Difference between revisions of "Depth Exploration"

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{{objective|Understand techniques for presenting depth in artwork.}}
 
{{objective|Understand techniques for presenting depth in artwork.}}
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{{materials|Printed copies of [[The Announcement of the Virgin's Death]] and [[wikipedia:Flagellation_of_Christ_(Piero_della_Francesca)|The Flagellation]]}}
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<ol>
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<li> Look at the images below (click to make them larger).  For each artwork, discuss techniques used by the artist to give a sense of depth.</li>
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<gallery>
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Image:lascaux-hall-of-bulls.jpg|Hall of the Bulls. Lascaux cave painting.  France, c15000-10000BC
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File:khnumhotep-oryxes.jpg|Tomb of Khnum-hotep.  Egypt, c2400BC
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File:Greece-laestrygonians-100bc.jpg|The Laestrygonians.  Wall painting. Greece, c100BC
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File:Luoshenfu_Gu_Kai_Zhi.jpg|Luoshenfu (middle section), Gu Kai Zhi.  China, 344-406AD.
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File:Otto-christ_crowns_henry2-c1000.jpg|Christ crowns Henry and Kunigunde.  Germany, 1007-1012
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Image:duccio-annc-virg-death-1308.jpg|Annunciation of the Virgin's Death, Duccio, 1308
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Image:d-francesca-flagellation-1458.jpg|Flagellation, Piero della Francesca, 1455-1460
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Image:kupka-1910-planes-by-colors.jpg|Planes by Colors, F. Kupka, 1910
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</gallery>
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<li>Look at Escher's [[Depth]] ({{Magic}} #269).  What techniques does Escher use to portray depth?</li>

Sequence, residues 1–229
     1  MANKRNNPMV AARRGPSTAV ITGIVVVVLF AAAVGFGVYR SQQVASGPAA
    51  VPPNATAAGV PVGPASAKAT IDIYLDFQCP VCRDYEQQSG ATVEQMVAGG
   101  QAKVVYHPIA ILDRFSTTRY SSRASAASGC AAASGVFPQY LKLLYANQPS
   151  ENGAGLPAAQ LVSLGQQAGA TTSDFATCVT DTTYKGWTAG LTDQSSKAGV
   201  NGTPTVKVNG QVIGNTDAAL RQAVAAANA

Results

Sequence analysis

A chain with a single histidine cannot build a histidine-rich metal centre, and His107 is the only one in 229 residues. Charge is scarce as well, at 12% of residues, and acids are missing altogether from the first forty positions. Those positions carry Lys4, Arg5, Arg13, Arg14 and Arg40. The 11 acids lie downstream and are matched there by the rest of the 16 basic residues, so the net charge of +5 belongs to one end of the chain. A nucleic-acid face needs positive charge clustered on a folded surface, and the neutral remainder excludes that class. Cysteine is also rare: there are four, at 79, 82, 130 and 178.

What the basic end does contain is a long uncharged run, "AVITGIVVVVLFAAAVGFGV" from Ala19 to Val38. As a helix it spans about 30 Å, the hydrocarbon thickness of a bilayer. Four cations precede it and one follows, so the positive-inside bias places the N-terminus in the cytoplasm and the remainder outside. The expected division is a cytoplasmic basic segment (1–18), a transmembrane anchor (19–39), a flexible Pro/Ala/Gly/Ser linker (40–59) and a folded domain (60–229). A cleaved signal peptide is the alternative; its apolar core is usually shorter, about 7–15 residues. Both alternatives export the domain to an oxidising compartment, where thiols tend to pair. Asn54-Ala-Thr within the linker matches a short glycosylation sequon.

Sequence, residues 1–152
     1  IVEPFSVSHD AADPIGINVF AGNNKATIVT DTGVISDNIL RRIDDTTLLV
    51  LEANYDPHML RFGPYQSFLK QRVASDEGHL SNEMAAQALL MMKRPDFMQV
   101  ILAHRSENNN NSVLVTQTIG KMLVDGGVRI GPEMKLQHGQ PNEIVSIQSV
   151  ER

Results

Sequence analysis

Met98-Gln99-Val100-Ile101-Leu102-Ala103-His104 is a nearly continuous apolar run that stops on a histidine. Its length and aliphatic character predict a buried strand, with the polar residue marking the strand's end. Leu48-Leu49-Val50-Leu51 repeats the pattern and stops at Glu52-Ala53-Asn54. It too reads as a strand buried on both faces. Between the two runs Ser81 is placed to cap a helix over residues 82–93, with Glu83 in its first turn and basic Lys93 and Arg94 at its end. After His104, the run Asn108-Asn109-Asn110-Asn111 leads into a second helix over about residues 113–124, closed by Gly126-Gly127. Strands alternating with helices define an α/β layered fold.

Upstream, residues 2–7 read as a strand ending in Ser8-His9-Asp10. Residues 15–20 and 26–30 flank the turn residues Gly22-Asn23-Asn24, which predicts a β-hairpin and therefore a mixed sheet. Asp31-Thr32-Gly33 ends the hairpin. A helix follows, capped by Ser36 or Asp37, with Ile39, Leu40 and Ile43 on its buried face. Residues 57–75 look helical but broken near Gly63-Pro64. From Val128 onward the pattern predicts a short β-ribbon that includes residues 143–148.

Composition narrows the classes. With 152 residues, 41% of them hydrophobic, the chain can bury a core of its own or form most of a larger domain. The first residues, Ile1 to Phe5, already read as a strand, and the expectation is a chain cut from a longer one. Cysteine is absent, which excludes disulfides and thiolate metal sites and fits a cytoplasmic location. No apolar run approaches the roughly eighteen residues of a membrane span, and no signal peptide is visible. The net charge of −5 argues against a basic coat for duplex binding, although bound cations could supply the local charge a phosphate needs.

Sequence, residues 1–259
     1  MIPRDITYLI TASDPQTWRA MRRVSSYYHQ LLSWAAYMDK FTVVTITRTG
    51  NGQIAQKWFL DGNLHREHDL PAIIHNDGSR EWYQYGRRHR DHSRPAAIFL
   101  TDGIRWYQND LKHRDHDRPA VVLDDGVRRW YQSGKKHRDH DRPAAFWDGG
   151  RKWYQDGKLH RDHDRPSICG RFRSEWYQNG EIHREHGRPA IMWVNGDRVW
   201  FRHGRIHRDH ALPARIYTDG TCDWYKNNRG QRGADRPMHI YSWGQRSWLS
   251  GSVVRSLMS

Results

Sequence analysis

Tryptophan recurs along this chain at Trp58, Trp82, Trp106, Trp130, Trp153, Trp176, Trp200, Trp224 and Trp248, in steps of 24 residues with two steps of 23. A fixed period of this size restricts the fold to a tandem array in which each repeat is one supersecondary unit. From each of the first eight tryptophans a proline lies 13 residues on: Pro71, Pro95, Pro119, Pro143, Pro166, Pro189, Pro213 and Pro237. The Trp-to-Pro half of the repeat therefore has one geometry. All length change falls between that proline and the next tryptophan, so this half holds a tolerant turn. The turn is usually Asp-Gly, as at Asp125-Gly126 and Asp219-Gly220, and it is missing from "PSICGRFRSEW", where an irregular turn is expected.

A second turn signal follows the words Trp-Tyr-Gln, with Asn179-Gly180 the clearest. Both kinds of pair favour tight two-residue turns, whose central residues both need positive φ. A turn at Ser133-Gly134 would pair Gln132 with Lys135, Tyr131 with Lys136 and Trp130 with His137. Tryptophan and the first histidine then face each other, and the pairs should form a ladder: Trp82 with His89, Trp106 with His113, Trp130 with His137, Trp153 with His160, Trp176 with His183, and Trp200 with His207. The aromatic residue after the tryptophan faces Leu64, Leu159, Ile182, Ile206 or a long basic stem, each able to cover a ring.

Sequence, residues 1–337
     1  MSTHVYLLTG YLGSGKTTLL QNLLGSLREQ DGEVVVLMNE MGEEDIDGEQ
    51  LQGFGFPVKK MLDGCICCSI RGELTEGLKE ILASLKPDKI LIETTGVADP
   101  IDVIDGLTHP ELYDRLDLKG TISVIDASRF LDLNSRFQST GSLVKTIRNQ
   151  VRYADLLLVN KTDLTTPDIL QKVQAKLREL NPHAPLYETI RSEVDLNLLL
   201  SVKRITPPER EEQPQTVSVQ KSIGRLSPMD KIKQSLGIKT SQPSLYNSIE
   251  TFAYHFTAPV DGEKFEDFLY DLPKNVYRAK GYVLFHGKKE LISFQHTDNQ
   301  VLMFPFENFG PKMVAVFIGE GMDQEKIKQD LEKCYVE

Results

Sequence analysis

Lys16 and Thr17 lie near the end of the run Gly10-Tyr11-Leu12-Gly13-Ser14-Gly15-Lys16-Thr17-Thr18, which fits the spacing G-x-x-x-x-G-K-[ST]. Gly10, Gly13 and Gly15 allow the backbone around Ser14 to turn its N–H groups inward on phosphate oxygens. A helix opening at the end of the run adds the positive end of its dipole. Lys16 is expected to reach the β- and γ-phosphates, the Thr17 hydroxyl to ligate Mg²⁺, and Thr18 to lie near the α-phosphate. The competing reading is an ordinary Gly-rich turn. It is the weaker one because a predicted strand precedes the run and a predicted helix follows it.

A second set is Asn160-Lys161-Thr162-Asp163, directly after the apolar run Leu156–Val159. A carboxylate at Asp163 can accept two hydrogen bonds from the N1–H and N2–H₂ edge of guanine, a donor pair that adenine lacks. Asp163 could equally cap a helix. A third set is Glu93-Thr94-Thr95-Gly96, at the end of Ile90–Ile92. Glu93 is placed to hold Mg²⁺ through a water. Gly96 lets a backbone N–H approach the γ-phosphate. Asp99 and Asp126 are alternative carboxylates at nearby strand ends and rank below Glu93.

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<li>On a copy of Duccio’s <cite>[[The Announcement of the Virgin's Death]]</cite>, notice that lines which head away from the viewer are diagonal.  Use a pen and a ruler to extend all of these lines.<ref>"There has also been a most unfortunate fashion for drawing lines over Piero's pictures with the purpose of exposing their alleged underlying geometrical structure...trying to find perspective schemes seems to me like trying to extract the sunbeams from cucumbers." From J.V. Field, <cite>Piero Della Francesca</cite></ref>  Do the same for the receeding lines in Piero della Francesca’s <cite>[[wikipedia:Flagellation_of_Christ_(Piero_della_Francesca)|The Flagellation]]</cite> (painted 150 years later).  What difference do you detect?</li>
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</ol>
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{{handin|A sheet with answers to the questions, and marked up copies of Announcement and Flagellation.}}
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<references/>
  
# Look at the images at http://euler.slu.edu/~clair/escher/depth .  For each artwork, discuss techniques used by the artist to give a sense of depth.
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[[category:Art and Perception Explorations]]
# Look at Escher's [[Depth]] ({{Magic}} #269).  What techniques does Escher use to portray depth?
 
# On a copy of Duccio’s <cite>[[The Announcement of the Virgin's Death]], notice that lines which head away from the viewer are diagonal.  Use a pen and a ruler to extend all of these lines.  Do the same for the receeding lines in della Francesca’s [[Flagellation]] (painted 150 years later).  What difference do you detect?
 
 
 
{{handin|A sheet with answers to the questions, and marked up copies of Announcement and Flagellation.}}
 

Latest revision as of 11:57, 2 December 2013


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Objective: Understand techniques for presenting depth in artwork.

Materials: Printed copies of The Announcement of the Virgin's Death and The Flagellation

  1. Look at the images below (click to make them larger). For each artwork, discuss techniques used by the artist to give a sense of depth.
  2. Look at Escher's Depth (Magic of M.C. Escher #269). What techniques does Escher use to portray depth?
  3. On a copy of Duccio’s The Announcement of the Virgin's Death, notice that lines which head away from the viewer are diagonal. Use a pen and a ruler to extend all of these lines.[1] Do the same for the receeding lines in Piero della Francesca’s The Flagellation (painted 150 years later). What difference do you detect?

Handin: A sheet with answers to the questions, and marked up copies of Announcement and Flagellation.

  1. "There has also been a most unfortunate fashion for drawing lines over Piero's pictures with the purpose of exposing their alleged underlying geometrical structure...trying to find perspective schemes seems to me like trying to extract the sunbeams from cucumbers." From J.V. Field, Piero Della Francesca